Explanation: On October 19th, a good place to watch Comet Siding Spring will be from Mars. Then, this inbound visitor (C/2013 A1) to the inner solar system, discovered in January 2013 by Robert McNaught at Australia's Siding Spring Observatory, will pass within 132,000 kilometers of the Red Planet. That's a near miss, equivalent to just over 1/3 the Earth-Moon distance. Great views of the comet for denizens of planet Earth's southern hemisphere are possible now, though. This telescopic snapshot from August 29 captured the comet's whitish coma and arcing dust tail sweeping through southern skies. The fabulous field of view includes, the Small Magellanic Cloud and globular star clusters 47 Tucanae (right) and NGC 362 (upper left). Worried about all those spacecraft in Martian orbit? Streaking dust particles from the comet could pose a danger and controllers plan to position Mars orbiters on the opposite side of the planet during the comet's close flyby.

Tomorrow's picture: Sagittarius mosaic


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Authors & editors: Robert Nemiroff (MTU) & Jerry Bonnell (UMCP)
NASA Official: Phillip Newman Specific rights apply.
NASA Web Privacy Policy and Important Notices
A service of: ASD at NASA / GSFC
& Michigan Tech. U.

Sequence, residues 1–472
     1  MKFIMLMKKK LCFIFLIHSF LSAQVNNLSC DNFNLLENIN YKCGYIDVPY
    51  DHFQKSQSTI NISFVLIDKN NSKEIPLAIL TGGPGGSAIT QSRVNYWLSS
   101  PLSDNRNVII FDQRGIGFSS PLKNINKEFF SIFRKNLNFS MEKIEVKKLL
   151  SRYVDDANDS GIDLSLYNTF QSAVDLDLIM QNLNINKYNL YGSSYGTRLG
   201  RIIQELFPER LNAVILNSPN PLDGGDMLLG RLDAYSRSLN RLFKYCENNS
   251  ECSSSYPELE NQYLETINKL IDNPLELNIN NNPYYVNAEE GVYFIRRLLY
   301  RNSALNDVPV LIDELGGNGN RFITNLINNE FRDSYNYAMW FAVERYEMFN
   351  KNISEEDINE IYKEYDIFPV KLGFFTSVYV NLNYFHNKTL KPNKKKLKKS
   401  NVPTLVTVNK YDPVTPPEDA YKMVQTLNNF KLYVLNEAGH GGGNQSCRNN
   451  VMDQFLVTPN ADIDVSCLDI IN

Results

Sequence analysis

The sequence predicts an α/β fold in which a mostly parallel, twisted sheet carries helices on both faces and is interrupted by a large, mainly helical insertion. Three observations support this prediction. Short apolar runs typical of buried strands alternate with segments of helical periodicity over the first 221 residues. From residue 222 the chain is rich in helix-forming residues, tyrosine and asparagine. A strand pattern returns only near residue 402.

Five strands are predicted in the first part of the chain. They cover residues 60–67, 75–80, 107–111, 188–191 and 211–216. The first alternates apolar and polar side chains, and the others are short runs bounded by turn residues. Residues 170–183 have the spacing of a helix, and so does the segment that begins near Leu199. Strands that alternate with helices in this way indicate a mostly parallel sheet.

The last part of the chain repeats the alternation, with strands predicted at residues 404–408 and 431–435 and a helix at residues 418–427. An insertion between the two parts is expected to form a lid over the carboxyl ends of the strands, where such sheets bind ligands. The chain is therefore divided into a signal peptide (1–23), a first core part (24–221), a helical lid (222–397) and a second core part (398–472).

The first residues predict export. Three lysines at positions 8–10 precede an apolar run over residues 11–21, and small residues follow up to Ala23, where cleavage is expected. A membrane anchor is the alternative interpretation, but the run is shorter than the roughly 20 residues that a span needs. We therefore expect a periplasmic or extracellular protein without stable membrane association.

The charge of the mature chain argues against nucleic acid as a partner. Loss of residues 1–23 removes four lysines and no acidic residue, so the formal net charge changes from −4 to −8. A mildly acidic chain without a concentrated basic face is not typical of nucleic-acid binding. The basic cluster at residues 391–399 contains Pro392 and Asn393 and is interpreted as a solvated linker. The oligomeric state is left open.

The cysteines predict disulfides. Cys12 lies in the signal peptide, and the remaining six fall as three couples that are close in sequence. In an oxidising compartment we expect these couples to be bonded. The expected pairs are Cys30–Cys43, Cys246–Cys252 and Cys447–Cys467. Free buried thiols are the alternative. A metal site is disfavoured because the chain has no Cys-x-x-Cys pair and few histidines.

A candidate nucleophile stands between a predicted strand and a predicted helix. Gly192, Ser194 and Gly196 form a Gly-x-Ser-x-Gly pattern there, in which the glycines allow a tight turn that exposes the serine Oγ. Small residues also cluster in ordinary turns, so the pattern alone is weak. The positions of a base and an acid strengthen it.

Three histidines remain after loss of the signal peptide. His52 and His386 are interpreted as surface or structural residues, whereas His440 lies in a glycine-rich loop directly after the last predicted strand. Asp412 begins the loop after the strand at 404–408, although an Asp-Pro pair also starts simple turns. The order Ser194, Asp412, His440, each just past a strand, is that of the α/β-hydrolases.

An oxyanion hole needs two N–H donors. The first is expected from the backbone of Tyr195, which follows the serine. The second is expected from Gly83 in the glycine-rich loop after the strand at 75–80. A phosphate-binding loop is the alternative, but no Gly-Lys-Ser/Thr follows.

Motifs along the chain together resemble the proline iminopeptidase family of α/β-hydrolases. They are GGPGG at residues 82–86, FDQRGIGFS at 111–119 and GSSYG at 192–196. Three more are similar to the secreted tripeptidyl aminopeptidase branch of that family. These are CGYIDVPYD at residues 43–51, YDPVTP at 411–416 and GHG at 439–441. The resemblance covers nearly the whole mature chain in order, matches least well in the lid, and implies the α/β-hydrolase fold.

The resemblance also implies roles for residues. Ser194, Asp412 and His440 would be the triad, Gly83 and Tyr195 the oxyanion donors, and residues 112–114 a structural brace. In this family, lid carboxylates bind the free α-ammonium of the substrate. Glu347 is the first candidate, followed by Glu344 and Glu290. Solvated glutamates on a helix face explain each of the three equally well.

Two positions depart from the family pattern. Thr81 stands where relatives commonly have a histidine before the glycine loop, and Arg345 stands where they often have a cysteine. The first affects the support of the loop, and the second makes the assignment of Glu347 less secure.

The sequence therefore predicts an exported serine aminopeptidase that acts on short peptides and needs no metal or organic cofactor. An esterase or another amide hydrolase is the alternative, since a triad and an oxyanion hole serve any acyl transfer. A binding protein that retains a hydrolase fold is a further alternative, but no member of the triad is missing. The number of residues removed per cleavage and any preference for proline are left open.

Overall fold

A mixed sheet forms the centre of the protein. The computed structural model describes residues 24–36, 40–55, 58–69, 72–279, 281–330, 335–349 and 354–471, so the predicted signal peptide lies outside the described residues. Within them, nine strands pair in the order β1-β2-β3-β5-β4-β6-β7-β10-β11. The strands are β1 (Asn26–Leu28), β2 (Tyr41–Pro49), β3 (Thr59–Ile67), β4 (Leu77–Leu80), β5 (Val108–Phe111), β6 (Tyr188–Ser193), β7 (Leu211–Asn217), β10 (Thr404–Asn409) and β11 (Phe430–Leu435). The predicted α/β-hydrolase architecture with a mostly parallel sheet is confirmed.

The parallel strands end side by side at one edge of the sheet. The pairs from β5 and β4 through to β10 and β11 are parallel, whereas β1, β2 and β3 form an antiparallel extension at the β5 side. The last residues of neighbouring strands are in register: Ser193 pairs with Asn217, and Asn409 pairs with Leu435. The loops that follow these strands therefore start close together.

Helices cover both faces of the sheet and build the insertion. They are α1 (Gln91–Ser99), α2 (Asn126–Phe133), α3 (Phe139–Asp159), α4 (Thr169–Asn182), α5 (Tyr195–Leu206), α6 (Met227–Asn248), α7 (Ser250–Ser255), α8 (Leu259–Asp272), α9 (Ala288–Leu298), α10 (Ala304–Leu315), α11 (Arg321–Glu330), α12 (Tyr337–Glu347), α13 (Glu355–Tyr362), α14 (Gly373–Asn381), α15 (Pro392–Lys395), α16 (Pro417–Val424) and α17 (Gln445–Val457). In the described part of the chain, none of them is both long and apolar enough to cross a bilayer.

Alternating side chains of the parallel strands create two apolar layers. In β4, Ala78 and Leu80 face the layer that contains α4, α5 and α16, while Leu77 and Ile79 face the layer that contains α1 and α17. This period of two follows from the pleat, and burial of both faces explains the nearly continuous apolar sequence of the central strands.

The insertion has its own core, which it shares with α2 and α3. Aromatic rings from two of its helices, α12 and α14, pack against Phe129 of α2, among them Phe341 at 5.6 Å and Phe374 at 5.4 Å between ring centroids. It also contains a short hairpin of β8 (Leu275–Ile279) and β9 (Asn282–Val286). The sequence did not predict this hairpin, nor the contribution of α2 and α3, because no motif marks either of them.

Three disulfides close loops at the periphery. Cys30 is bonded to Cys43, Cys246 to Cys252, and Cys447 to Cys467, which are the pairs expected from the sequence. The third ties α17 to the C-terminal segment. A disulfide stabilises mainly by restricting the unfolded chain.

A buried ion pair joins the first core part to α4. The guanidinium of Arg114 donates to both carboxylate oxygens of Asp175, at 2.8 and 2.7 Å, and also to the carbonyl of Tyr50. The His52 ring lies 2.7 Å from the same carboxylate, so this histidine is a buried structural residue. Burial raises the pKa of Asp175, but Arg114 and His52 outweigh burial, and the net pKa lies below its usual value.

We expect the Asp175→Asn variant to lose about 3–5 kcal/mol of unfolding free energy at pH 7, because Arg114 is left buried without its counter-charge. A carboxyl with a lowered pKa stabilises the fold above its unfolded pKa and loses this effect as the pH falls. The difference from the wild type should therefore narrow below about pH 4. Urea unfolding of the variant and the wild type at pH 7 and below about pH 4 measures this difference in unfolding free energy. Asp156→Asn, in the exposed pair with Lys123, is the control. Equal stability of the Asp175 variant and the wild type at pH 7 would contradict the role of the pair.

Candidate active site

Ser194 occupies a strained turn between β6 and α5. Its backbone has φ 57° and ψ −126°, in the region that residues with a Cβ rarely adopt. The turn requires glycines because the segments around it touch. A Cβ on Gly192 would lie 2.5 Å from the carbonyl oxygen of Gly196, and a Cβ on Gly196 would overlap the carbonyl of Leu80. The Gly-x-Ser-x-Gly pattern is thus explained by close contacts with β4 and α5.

ภาพเด่นประจำวัน NASA 2014-09-05

Astronomy Picture of the Day


Discover the cosmos! Each day a different image or photograph of our fascinating universe is featured, along with a brief explanation written by a professional astronomer.

2014 September 5
See Explanation.  Clicking on the picture will download the highest resolution version available.

A Sagittarius Starscape
Image Credit & Copyright: Terry Hancock (Down Under Observatory)

อธิบาย

คำอธิบายภาษาไทยกำลังอยู่ในระหว่างการแปล โปรดกลับเข้ามาชมใหม่อีกครั้งในภายหลัง

< | Thai mirror hosted by NARIT, translated by NARIT | >


Explanation: This rich starscape spans nearly 7 degrees on the sky, toward the Sagittarius spiral arm and the center of our Milky Way galaxy. A telescopic mosaic, it features well-known bright nebulae and star clusters cataloged by 18th century cosmic tourist Charles Messier. Still popular stops for skygazers M16, the Eagle (far right), and M17, the Swan (near center) nebulae are the brightest star-forming emission regions. With wingspans of 100 light-years or so, they shine with the telltale reddish glow of hydrogen atoms from over 5,000 light-years away. Colorful open star cluster M25 near the upper left edge of the scene is closer, a mere 2,000 light-years distant and about 20 light-years across. M24, also known as the Sagittarius Star Cloud, crowds in just left of center along the bottom of the frame, fainter and more distant Milky Way stars seen through a narrow window in obscuring fields of interstellar dust.

Tomorrow's picture: light-weekend


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Authors & editors: Robert Nemiroff (MTU) & Jerry Bonnell (UMCP)
NASA Official: Phillip Newman Specific rights apply.
NASA Web Privacy Policy and Important Notices
A service of: ASD at NASA / GSFC
& Michigan Tech. U.